Subsequently we estimate the longrun tango of BIST and CDS by recalling (2). Initially, we determine p, q, k, l, m, n and their primes by employing optimal lag length selection tests in Eviews 9.0 software. The figure 2 displays the output of this analysis where, following minimum AIC value, lag lengths are specified as p=2, q=1, k=1, l=0, m=0, and n=0 for ARDL model (2.1a). In case of (2.1b), both AIC and SIC finds the lag lengths as p′=1, q′=1, k′=1, l′=1, m′=0, and n′=0.
Further, we check diagnostics of our selected ARDL models for BIST and CDS separately. We use HACrobust standard error to fix potential serial correlation and heteroscedasticity problems. Plus, we check check stability of these models with Cumulative Sum of the Recursive Residuals (CUSUM) test to make sure that they do not involve any structural breaks. We show results of diagnostic analysis in figure 3 where we document that both models are stable over time as their CUSUM (blue) lines remains between ±5% significance (two red) lines.
Figure 2. ARDL Lag Specification for BIST and CDS models.
Figure 3. Stability of Selected BIST and CDS ARDL Models
Further, we derive estimates for these ARDL models in table 8 (Panel A) where first column presents estimates for equation 2.1a accounting 45.49% variations in ΔBIST. We hypothesize ϕi=0 statement for both models utilizing Wald test. Its result is reported at the bottom part of the table 8 where model 2.1a derives tvalue of 4.39 which highly exceeds Pesaran et al. critical value 1% significance level, indicating existence of longrun cointegration between series. We dear critical values of Case I that are presented in Pesaran et al (2001) at table CI. Because, case I is specified for models that do not comprise intercept value and any kind of trends, and so both of our models do not include intercept and trend factors as they appear statistically insignificant.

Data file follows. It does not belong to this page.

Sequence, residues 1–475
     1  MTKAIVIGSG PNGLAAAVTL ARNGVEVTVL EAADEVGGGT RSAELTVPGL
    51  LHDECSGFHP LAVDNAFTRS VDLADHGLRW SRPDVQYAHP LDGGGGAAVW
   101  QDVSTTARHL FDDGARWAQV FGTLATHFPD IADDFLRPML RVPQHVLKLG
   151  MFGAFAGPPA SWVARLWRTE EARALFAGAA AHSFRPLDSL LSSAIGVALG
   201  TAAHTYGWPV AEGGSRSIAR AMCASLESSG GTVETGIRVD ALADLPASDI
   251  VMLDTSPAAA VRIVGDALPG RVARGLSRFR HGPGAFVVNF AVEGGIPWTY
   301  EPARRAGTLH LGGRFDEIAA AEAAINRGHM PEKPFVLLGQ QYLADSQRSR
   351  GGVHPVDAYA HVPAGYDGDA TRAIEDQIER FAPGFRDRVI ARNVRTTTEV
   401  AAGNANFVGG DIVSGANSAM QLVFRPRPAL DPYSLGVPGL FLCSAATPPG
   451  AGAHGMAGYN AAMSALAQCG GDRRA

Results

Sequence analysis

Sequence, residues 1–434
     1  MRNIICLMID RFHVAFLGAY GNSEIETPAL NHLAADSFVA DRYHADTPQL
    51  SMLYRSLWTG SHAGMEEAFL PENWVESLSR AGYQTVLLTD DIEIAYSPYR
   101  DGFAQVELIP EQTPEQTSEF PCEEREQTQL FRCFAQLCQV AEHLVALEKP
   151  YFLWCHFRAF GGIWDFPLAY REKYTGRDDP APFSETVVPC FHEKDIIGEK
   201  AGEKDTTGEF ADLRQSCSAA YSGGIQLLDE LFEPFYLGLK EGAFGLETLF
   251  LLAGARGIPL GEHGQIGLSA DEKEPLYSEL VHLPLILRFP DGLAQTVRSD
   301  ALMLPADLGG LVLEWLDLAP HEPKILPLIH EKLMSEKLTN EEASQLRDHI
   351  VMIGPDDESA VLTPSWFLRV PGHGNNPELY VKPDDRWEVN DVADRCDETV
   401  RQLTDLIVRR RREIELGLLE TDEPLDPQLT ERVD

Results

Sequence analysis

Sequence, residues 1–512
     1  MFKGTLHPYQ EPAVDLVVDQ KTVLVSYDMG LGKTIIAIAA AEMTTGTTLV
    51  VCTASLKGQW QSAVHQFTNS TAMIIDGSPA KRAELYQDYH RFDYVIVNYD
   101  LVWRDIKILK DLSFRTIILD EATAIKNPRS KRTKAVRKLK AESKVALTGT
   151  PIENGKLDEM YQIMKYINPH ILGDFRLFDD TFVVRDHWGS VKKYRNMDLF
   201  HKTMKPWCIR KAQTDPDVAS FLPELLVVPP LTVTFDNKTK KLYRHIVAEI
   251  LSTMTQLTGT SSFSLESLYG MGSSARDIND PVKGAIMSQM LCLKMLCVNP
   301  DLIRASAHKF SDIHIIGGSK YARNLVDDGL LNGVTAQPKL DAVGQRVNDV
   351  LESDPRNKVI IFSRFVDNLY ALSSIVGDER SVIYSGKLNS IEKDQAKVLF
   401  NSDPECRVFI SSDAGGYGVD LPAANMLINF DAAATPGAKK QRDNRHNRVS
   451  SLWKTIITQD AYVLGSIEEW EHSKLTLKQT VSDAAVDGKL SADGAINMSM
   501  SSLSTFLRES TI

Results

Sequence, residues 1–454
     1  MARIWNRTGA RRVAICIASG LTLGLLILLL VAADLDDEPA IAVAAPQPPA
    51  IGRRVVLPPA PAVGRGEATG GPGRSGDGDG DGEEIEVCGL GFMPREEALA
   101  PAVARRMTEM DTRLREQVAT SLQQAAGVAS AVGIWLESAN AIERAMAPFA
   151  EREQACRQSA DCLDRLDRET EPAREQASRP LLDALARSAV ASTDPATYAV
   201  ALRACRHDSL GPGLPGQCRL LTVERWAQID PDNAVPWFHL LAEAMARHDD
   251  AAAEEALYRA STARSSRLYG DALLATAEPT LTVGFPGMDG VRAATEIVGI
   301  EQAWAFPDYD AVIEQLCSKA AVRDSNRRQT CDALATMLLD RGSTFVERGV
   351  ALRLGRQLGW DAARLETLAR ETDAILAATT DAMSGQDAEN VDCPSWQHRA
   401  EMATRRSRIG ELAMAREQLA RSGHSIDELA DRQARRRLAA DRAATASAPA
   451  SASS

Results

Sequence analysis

The negative ratio of coefficients to dependent variable (ϕi/ϕ6) shall show the direction and magnitude of their longrun relationship. Panel B of table 8 shows longrun multiplier derived by Panel A estimation. On this basis, the ΔBIST dependent model implies that 1 TL increase in CDS prices leads BIST100 index to decrease by 85 TL at 1% significance level in longrun. Equally, the model also forecasts that a kurush (1% of TL) value lose of TL against USD, leads an average of 78 TL decrease in BIST100 index value in longrun. It might be addressed to the highly dollar indebtness structure of Turkish firms, so that the risk of going default increases with the increase of debt that is triggered by appreciation of dollar against TL. More interestingly, 1 base point increase in interest rate causes BIST 100 index decrease by 359 TL in longrun, while each stressful political event shrinks BIST100 index by roughly 538 TL in longrun, which makes sense, as uncertainties in regulative power negatively affect the financial markets.